Then there’s Haunts, which was inspired by our programmer, Jonathan’s desire to do an asymmetric game where the two sides have very different experiences. He was inspired by that classic Dungeon Keeper, and I suggested a haunted house setting instead and things took off from there. One player is a team of explorers who venture into the house, the other controls the entities haunting it. The house map changes randomly every game, and there are different kinds of haunts and explorers, so you’ll never be sure what you’re up against in any given game. You’ll be able to play against the AI or another player from either side.
PopMatters: You are working with a small team. Can you tell us about the other folks that you are working with and their role in development?
Rick: Right now it’s just three of us. I’m doing designing, writing, and producing duties. Jonathan Wills is a programmer who used to work at Cryptic Studios and then at Google. He’s, naturally enough, doing the programming. Austin McKinley is an artist who I’ve worked with on some comic book stuff in the past, and he’s talented across illustration, design, animation, and video, which is awesome. Right now Jonathan is building the core systems that will be useful across all three games: moving things around the game map and having them kill each other, level editor, and basics for animation and AI systems. Austin’s been pulled in every direction, from editing our launch video to bouncing between concept art for the three games. I have too -- I wrote the basic design proposals before we got started, but they’re always being expanded on, and I’m spending a fair amount of time working on basic gameplay systems with Jonathan. Plus, all the promotion and PR stuff of course.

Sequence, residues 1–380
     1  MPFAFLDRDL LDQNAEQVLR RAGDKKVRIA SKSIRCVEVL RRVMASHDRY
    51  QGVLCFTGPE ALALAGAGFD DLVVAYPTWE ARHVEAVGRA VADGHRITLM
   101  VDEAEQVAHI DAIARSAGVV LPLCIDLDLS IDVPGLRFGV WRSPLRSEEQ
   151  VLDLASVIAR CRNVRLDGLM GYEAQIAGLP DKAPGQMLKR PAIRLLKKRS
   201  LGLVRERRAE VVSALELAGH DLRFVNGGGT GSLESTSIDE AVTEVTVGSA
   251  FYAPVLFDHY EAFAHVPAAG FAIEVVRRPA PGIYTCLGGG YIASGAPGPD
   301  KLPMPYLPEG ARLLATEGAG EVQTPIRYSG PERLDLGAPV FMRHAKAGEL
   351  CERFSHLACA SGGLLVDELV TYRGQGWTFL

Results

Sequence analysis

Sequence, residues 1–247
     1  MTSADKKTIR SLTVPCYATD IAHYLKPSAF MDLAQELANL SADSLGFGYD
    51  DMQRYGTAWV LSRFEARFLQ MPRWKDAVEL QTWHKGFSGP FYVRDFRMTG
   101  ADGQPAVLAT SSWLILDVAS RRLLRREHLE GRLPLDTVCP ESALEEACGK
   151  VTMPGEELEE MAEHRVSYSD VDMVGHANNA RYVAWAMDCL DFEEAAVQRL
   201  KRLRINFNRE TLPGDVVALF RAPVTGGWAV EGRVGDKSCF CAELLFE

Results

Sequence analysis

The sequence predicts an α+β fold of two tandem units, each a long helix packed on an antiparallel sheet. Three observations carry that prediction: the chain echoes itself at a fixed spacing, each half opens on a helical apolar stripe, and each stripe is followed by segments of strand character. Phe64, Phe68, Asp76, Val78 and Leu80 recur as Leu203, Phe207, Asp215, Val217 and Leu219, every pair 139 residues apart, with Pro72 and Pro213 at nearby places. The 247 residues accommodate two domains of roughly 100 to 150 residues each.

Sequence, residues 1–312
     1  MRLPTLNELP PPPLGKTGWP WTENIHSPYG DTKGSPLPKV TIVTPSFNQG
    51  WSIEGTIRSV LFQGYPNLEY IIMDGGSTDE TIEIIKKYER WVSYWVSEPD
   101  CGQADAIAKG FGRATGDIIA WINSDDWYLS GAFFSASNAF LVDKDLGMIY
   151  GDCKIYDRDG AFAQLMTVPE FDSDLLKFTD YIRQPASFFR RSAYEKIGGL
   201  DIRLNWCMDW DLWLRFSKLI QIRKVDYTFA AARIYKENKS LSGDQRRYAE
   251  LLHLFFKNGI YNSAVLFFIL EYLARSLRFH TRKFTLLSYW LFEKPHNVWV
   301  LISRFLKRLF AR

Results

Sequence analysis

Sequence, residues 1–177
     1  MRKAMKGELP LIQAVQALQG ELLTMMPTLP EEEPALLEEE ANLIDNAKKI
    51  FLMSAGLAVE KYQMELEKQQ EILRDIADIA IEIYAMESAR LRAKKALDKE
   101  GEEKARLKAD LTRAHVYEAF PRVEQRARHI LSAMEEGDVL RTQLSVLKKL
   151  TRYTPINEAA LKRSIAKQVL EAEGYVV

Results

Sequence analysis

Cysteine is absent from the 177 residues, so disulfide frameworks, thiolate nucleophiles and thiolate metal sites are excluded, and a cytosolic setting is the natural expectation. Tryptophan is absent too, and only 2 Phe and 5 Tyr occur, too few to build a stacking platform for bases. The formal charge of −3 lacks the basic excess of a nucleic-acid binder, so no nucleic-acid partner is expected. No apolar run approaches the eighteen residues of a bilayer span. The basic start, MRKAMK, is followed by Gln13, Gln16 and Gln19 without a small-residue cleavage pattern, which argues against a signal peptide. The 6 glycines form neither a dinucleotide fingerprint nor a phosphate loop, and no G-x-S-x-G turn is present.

PopMatters: Your previous work in the game industry has included work on the MMORPG City of Heroes. MMOs have notoriously vocal communities. Any lessons that you learned working with the MMO community that might inform your efforts to build a community with Mob Rules?
Rick: The lessons I’ve learned from that experience with City of Heroes and with being online in general is that it’s important to be honest, generous, and specific in your communication and stern when it comes to bad behavior. People in general have a good nose for glibness and insincerity, and I think the more straightforward you are with people, the better. People online also tend to think the worst of something on first blush, which means it’s usually a good idea to give people the benefit of the doubt and make sure you understand criticisms and comments before reacting negatively to them. I’m all for reasoned or even impassioned criticism, but you can’t let trolling and offensive language/behavior go unchecked or it poisons the whole atmosphere. It’s going to be an interesting line to walk.
PopMatters: So, aren't we just supposed to sit tight and eat cake? Should the mob really rule?
Rick: Well, I’m a radical at heart, so that’s part of the experiment we’re running here. I’d like to think the mob really should rule, but I might be wrong. We want to see if they can or not. Although this sitting and eating cake thing you mention does sound dangerously seductive... maybe we can have a vote on which kind of cake? And is pie totally out of the question here?